[Self-Test] Depression in Children
Every child experiences the blues — about bad grades or not having friends on the playground. Depression is more than just a passing gray cloud. It’s a persistent feeling of sadness that stretches into weeks. Use this self-test to see if your child is showing signs of depression.
Reviewed by Roberto Olivardia, Ph.D.
Depression is a mood disorder that can allow tendrils of sadness to reach nearly every aspect of daily life – mealtime, bedtime, playtime, school, and family time. It can cause patients, and close loved ones who want to help, a significant amount of hurt and pain. Children with depression may not be able to give these feelings a name, but parents may notice a sudden drop in grades or apathy about the future. Sometimes, depression in children manifests as constant irritability rather than traditional sadness.
The symptoms of depression are commonly mistaken for ADHD, and vice versa, because the markers of both conditions can overlap. Especially in children, the inability to concentrate triggered by depression can look like distractibility from ADHD. Low motivation, or trouble getting started, is another shared symptom. Difficulty sleeping and loss of appetite are common side effects of ADHD medications and signals of depression.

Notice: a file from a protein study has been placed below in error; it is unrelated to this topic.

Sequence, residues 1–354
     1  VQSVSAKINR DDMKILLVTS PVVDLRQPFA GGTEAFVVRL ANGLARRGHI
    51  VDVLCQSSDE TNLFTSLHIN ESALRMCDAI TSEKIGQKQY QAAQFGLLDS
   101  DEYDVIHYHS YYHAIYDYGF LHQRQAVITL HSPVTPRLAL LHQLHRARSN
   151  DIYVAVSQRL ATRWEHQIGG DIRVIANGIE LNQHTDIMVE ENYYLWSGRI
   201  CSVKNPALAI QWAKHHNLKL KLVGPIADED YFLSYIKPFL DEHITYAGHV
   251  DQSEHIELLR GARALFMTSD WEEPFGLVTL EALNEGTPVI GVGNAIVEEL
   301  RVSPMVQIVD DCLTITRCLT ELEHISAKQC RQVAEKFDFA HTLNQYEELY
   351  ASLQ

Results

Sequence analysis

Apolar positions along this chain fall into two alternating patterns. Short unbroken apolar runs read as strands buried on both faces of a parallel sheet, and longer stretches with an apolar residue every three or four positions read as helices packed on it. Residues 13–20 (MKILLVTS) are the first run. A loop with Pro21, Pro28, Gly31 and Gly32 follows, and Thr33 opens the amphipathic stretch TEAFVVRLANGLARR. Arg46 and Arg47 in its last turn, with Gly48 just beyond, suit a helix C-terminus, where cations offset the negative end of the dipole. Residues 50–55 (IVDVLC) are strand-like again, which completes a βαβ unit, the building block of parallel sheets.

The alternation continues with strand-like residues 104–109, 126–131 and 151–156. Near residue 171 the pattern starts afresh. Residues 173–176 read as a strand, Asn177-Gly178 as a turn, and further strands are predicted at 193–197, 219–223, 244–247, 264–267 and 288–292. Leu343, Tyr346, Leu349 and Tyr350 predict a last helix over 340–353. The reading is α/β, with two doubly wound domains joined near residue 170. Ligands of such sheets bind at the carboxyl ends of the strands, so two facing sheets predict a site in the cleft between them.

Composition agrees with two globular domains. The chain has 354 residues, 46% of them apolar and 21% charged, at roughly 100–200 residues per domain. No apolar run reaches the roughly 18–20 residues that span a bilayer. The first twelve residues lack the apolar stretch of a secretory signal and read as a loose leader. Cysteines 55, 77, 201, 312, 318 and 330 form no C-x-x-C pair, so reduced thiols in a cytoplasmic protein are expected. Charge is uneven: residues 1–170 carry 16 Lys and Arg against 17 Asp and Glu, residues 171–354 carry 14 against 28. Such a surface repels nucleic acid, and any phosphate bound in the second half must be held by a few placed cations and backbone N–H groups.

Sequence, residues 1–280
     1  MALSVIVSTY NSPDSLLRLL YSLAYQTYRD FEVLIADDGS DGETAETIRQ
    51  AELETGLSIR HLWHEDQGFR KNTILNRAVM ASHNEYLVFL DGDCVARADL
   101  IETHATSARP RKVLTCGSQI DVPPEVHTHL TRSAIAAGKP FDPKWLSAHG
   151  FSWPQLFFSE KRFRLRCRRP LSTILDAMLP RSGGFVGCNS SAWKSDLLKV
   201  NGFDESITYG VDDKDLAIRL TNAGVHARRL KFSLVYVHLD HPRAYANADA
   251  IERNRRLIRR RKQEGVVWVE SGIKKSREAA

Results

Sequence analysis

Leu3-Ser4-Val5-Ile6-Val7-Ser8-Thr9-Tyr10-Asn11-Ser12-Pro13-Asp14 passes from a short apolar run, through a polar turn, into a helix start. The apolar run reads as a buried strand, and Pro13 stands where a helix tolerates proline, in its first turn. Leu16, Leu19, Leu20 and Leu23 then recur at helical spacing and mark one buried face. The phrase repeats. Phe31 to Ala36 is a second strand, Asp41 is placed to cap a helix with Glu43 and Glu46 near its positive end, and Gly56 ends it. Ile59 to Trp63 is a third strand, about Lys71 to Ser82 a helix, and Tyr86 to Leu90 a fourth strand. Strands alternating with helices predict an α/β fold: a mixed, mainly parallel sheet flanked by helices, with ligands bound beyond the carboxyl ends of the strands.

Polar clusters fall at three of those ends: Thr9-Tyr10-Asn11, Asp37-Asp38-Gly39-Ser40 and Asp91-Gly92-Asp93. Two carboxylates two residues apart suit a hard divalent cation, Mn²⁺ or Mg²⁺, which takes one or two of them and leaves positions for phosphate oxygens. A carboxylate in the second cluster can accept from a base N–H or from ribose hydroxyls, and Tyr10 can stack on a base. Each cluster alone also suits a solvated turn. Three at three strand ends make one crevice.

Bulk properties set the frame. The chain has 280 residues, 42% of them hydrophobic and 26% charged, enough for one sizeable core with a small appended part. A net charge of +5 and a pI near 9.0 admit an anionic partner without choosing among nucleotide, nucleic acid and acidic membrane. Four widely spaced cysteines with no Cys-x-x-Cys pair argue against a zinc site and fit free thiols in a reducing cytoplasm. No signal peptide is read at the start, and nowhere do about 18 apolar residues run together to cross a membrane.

The American Academy of Pediatrics estimates that nearly half of kids with ADHD also suffer from conditions like depression, learning disabilities, and anxiety disorders. Untreated depression is the leading cause of suicide in adolescents. Any thoughts of suicide should be dealt with as an emergency.
If you notice any of the following symptoms in your child, talk to your child about life at school, and ask about bullying. Take this screener test and bring the results to your pediatrician or mental health professional for evaluation.
Adapted from the Center for Epidemiological Studies Depression Scale for Children (CES-DC). This is not a diagnostic tool. If you have concerns about possible depression see a mental health professional. An accurate diagnosis can only be made through clinical evaluation. This self-test is for personal use only. (SOURCES: The Ultimate ADHD Test ebook; nimh.nih.gov; dbsalliance.org; Depression: Symptoms and Diagnosis)
What To Do Next
Learn How to Help a Child with Both ADHD & Depression
Download “Is It Depression? How to Recognize & Treat It”
Listen to the Webinar “Managing Mood Disorders and Depression” with William Dodson, M.D.
Read Is Your Child Depressed?